It’s been a bit of a tough week for literacy giants Fountas and Pinnell.
Firstly their products were reviewed by edreports.org and found to be wanting. That’s a pretty damning indictment right there.
As a damage-control measure, the authors decided to try to ‘navigate to a place of clarity’ by producing some strange, very unclear blog posts. When those posts were roundly rejected by a large community of educators, their Facebook group admins called those educators ‘rabid’ and F&P followers labelled much of the reaction as ‘mean’.
This was followed by an extremely ill-judged comment by one of F&P’s most active and long-serving Facebook moderators, Terri Beeler, regarding a 20% who made them look bad. That moderator has been taken off Facebook duty, deleted those comments and made a half-hearted apology, citing ‘frustration’ as a reason for her dismissiveness of dyslexic children (you know, the ones in intervention, for whom LLI is supposed to be built).
She said: “It’s also very sad that we’ve turned the entire education system upside down for 20% of the kids.” Here is her post, in which she also threatens to remove someone mentioning the science of reading:
Think about that for a second. She is sad that the findings of about 100 years of research have pointed to methods and approaches that don’t match hers. That those findings are helpful for not only the kids who learn to read with ease, but the 20% who find the task difficult and everyone in between. But they don’t match her philosophy. That’s what she finds sad.
This is typical defensive behaviour and can be expected in such circumstances. I’m not here to gloat about how their damage control measures led to more damage. I’m not here to gloat about the nosedive Terri Beeler’s career looks like it’s taking due to her insensitive comments. Instead, I’m writing to talk about culture.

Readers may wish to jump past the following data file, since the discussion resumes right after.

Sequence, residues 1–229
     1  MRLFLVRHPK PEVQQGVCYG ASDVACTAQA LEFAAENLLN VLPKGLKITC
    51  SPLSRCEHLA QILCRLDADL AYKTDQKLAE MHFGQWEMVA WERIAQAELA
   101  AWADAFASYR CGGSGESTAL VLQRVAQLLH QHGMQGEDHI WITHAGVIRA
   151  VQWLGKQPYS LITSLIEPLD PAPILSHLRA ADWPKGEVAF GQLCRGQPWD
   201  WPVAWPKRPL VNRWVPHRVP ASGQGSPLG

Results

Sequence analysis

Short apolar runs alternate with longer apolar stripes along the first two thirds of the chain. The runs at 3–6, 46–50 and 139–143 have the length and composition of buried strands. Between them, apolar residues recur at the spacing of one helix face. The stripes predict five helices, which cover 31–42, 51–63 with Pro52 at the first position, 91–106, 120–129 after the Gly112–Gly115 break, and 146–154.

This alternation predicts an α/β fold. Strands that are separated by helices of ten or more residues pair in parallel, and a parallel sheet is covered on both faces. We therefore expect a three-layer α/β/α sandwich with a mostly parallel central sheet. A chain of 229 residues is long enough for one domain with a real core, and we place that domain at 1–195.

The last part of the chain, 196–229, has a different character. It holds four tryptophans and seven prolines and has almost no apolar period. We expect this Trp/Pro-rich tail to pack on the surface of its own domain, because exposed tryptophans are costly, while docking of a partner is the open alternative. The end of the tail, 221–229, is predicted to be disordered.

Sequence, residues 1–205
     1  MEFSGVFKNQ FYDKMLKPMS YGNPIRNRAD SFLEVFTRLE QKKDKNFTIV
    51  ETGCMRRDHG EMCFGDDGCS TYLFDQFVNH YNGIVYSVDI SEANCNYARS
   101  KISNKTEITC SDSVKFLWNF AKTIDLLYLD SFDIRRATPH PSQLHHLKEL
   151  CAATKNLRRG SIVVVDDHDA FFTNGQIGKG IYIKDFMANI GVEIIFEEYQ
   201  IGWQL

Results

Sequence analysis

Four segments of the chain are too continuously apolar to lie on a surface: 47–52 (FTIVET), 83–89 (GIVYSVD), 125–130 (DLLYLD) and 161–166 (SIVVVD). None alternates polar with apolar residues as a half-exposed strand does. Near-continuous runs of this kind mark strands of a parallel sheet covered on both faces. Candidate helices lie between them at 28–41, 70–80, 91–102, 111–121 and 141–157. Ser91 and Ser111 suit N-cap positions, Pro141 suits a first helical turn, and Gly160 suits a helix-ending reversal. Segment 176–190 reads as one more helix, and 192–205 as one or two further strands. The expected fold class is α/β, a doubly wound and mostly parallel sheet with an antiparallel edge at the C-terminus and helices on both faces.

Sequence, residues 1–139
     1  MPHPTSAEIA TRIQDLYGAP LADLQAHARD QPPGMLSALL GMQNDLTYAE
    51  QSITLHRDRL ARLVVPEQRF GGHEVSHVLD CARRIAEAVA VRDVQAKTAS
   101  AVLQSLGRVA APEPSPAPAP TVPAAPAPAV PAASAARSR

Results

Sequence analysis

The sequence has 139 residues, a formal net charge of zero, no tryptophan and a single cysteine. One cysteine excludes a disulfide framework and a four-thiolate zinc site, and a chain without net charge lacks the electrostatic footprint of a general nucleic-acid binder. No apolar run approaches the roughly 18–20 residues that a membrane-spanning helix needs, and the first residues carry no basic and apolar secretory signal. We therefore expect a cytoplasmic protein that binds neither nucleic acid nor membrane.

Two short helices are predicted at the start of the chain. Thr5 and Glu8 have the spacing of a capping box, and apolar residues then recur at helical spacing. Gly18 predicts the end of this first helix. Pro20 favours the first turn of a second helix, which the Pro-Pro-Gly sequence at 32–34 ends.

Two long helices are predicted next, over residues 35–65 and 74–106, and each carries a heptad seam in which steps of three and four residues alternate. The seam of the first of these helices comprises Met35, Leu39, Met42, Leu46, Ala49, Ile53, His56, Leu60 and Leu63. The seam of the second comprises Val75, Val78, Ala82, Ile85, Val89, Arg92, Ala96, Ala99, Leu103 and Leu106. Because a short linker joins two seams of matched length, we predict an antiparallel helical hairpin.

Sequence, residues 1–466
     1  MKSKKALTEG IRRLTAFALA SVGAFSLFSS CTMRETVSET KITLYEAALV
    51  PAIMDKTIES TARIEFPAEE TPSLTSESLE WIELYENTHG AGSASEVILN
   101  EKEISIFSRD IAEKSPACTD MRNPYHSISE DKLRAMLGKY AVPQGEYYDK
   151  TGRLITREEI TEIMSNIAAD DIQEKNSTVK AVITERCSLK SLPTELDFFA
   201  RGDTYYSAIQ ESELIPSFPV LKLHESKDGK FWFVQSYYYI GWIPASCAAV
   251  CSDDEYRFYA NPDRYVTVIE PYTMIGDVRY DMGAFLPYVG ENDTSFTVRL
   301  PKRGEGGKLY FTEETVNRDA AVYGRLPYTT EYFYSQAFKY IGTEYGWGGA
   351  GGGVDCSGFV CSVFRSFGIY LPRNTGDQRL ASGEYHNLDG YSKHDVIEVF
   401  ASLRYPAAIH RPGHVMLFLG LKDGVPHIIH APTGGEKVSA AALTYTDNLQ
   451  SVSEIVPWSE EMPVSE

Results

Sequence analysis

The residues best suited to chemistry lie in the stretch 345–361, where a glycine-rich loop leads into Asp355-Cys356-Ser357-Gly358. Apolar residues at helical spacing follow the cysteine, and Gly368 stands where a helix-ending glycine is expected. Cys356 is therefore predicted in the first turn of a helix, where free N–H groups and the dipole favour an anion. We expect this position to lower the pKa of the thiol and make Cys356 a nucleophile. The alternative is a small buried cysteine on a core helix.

Terri Beeler is not a rogue operator who made a mistake. She has been moderating F&P on Facebook for a long time. She pipes up, cuts in, makes statements and decisions about who talks and who doesn’t on that page, and has done it for years, much to the obvious satisfaction of her bosses. I’ve been observing them for a long time.
No, that damning statement is not a product of one lone person who erred. That statement is a product of a culture that deems struggling children as unworthy of the resources her bosses produce. That culture runs deep in balanced literacy circles. It doesn’t stop at F&P. It is a foundational belief. It drives the acceptance of an unacceptably high failure rate. It blames children for their struggles. It places the burden of literacy acquisition on parents. It shows frustration at the obvious need to take a bottom-up approach when their philosophy mandates a top-down one (hence the “…education system upside down…” comment). It perpetuates the myth that ‘all children learn differently’ and bolsters straw man arguments like ‘one size fits all’ when describing phonics.
That frustration is born of living and breathing in a culture that says MSV is God. It is deep and broad, and it exists in many minds of many people who have power and influence over the lives of thousands of children.
This chilling culture is not in its death throes, no matter how much we wish it. Terri Beeler’s comments were a mere outward expression of attitudes that balanced literacy proponents hold true. Fountas and Pinnell are just one organisation profiting from the lure of the lack of accountability that balanced literacy affords.
The solution that I offer is to continue to raise awareness of the utter shameful wrongness of balanced literacy. It’s not one person or one company, it’s a culture. It’s a club with tens of thousands of members. It’s a bubble, an echo-chamber and it’s strengthened every time a keen teacher unwittingly graduates with a degree steeped in three cueing.
This approach damages lives, even, it would seem, the lives of those who would support it.